Those lying, cheating, self-preserving androids

I’m finally getting around to posting on last Saturday’s Masters of Science Fiction. Unfortunately I didn’t catch the beginning of the show, but even what I saw was wonderful, particularly as it relates to my current research on religion and artificial intelligence. A lawyer who is arguing the case that an android named Jerry is “human” does so by pointing out not its great intelligence (it was built with limited intelligence, to do things like eliminate mines from a minefield – being blown up in the process) but its similarities to us in being capable of lying, cheating, and selfishly sacrificing another android so as to save itself – as well as liking Christmas music. The lawyer admits that, as someone who believes in God, he believes there is a spark of the divine in Jerry, because just as we are made in God’s image and have that spark, those we make in our image have it too. The final voice-over by Stephen Hawking suggests that perhaps one day humanity will be defined not by the gifts we possess, but by the virtues we lack.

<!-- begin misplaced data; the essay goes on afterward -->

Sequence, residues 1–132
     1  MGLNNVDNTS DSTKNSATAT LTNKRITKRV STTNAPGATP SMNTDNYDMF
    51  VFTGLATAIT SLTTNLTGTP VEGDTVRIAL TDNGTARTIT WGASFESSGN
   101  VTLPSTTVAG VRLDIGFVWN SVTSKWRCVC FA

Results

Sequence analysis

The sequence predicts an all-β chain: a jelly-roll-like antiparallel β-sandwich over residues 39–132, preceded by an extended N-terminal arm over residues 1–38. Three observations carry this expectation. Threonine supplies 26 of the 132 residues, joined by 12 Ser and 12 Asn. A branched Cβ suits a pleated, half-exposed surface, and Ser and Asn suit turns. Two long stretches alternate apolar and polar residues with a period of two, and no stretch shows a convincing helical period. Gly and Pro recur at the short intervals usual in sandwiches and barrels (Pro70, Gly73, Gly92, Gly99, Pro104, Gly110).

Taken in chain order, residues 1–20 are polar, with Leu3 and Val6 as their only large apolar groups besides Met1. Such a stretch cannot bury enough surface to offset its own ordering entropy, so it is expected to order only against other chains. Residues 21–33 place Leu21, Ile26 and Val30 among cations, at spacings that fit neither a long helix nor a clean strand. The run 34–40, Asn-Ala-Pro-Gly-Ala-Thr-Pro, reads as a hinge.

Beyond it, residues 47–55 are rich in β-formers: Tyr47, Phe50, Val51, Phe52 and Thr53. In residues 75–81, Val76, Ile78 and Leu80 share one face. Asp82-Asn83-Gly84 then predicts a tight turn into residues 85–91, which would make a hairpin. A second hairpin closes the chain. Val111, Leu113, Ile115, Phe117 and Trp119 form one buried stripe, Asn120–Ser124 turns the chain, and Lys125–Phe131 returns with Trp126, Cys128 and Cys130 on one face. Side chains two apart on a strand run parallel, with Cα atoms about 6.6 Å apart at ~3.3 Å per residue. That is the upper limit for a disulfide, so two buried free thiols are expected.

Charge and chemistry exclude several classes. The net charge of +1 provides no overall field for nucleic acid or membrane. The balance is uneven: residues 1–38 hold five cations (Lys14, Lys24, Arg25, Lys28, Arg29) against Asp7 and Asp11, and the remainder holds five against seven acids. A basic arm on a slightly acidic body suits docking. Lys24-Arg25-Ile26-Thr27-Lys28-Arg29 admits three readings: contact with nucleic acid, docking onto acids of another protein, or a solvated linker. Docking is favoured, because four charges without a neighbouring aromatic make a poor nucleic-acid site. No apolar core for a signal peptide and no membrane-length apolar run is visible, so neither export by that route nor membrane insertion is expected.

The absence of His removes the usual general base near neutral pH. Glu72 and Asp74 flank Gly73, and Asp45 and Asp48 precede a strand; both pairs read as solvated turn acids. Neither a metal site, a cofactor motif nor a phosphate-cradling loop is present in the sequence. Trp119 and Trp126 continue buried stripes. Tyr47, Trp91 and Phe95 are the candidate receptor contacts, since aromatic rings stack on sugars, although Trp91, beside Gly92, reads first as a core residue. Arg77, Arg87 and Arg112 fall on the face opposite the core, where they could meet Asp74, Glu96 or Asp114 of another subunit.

If you have already watched all the latest Hollywood releases and still have time to kill before LOST, Battlestar Galactica and Doctor Who start up again, in the last few days of the holiday I watched two movies that were non-Hollywood and which both impressed me. One is called Sweet Land and provides a wonderful look at an earlier time in American history, addressing issues of prejudice but without being at all preachy. The second is called The Italian, a Russian film about a young boy scheduled to be adopted who escapes from the orphanage to see if he can track down his birth mother.

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  • I had a similar thought once before here. What if human-like intelligence is predicated on possessing enough paranoia and insecurity to make you obsessively aware of the motivations of others. Interactions then become more efficient and intelligence can evolve.

  • How many of the Master’s of SciFi episodes have there been, do you know? I saw the first one (not impressed) but I enjoyed “Jerry is a Man” (and I was surprised it was a Heinlein story). I’ve got lots to say about it, but no time! You should remind me about this the next time we chat. I should probably blog about it!

  • Consider yourself officially reminded to blog about this subject! I can’t wait to read what you have to say!